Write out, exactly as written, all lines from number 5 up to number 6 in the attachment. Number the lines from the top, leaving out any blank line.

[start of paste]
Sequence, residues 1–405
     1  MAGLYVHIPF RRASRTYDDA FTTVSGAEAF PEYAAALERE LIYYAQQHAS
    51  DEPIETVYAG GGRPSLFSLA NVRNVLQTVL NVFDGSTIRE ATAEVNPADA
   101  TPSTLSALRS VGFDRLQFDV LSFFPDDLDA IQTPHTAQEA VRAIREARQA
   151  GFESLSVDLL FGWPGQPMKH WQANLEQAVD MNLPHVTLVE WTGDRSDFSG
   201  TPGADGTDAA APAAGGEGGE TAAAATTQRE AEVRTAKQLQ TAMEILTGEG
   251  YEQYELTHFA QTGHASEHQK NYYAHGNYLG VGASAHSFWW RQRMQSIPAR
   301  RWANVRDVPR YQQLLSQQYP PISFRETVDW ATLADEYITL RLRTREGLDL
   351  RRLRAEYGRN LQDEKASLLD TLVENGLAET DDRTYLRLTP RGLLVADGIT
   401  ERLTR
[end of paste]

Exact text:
   151  GFESLSVDLL FGWPGQPMKH WQANLEQAVD MNLPHVTLVE WTGDRSDFSG
   201  TPGADGTDAA APAAGGEGGE TAAAATTQRE AEVRTAKQLQ TAMEILTGEG